Released in 1996, Red Alert sees us enter an alternate reality where the absence of the Third Reich has left Europe vulnerable to a Soviet invasion. To make things worse, Mr Stalin’s scientists have been playing around with some of Nicola Tesla’s inventions, and the results are, to put things lightly, “shocking”. I’ll give you a moment to get over that terrible pun, then go on to explain that whilst this game clearly shares a great deal with its predecessor (including a wealth of units), the story is altogether different and perhaps a little more light-hearted/ridiculous (although it isn’t without its dark moments).
Generally speaking, players are granted earlier access to higher tech levels than in the first game, a good thing for those who want to play with some of the crazier toys without first jumping through a series of hoops with the poorly armoured and often self-destructive infantry. Although far less foreboding, the story was just as gripping, Klepachi’s musical contributions were as epic as in the first game and you could spend hours on end using one of the most in depth/user-friendly level editors I’ve encountered in any game ever. The wacky Chronosphere also allowed you to conduct your own time-warping experiments, albeit at your own risk. Remember the Chrono-vortex? An unexplained phenomenon that occurred with approximately one in every five uses of the device, and ripped through the battlefield destroying everything in its wake.
The Counterstrike and Aftermath expansion disks again added a wealth of new levels, units and challenges, and diversified an already completely mental unit base. Westwood Chat was again offered as a means of playing with friends online and getting technical support, but these were still early days for online gaming, and I suspect most multiplayer matches were conducted via LAN connections until the advent of the aforementioned third party multiplayer programs.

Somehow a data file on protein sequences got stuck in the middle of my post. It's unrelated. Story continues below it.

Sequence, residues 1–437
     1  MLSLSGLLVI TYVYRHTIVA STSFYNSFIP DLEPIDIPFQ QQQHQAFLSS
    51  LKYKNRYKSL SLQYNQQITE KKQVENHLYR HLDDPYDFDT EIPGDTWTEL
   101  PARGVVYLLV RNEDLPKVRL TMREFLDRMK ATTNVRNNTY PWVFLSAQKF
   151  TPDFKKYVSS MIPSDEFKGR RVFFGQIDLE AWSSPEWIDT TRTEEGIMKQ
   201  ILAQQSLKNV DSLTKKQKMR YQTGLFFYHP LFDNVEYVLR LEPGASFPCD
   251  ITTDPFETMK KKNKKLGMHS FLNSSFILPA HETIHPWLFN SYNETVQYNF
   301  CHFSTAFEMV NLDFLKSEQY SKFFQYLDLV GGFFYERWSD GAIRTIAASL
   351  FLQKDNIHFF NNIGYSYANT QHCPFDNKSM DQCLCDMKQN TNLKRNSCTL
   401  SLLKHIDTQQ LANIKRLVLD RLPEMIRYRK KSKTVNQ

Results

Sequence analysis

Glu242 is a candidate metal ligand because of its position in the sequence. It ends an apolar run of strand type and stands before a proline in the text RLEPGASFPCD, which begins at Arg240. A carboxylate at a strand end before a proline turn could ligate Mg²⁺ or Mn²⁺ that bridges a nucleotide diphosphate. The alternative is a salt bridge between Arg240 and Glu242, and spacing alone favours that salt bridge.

Red Alert was a masterpiece in creativity and madness, and a great way to learn an evil Russian villain accent along with a very suspect interpretation of 20th century history. There was also the opportunity to battle against a horde of giant, heavily armoured and highly destructive ants in secret levels accessed via the counterstrike disc just in case you didn’t get your crazy fix from Tesla Coils, Chrono-Tanks and the mysterious invulnerability-inducing Iron Curtain.
Command and Conquer: Tiberian Sun and Firestorm: 27/08/1999
GDI’s efforts to contain the Tiberium infestation have failed, and 1999’s Tiberian Sun sees us enter an apocalyptic world ravaged by years of extra-terrestrial leeching and transformation, not to mention a seemingly perpetual struggle to suppress the Brotherhood of Nod. Despite numerous assassination attempts, Kane is alive and well, and seems not to have aged a day since the initial conflict. This game showcases a great leap into the technological future, featuring an array of suspiciously Star Wars-like walkers and laser weaponry, along with the results of Nod’s Tiberium-based experiments on humans: cyborgs capable of surviving having their legs cut off and healing themselves in the deadly Tiberium fields.
Many long-time C&C fans consider Tiberian Sun to be the crowning glory of the franchise: the storyline was a little troubling but certainly gripping, the units were diverse and versatile, the levels could be moulded/shaped by the battles that took place on them (as well as bearing the scars of Tiberium infestation) and players would encounter an array of Tiberium mutants. With the addition of the Firestorm expansion pack, players would also experience for the first time the novelty of having a third faction to battle against in the shape of CABAL: Nod’s central intelligence computer that becomes self aware and mounts a campaign to exterminate the human race. Tiberian Sun boasted a great storyline, intriguing (and interactive) environments and a well-balanced multiplayer rewarding innovative and creative play.
Featured image: SkarNL via Flickr. Inset images: Hot Grill via Flickr, gamefaqs.com.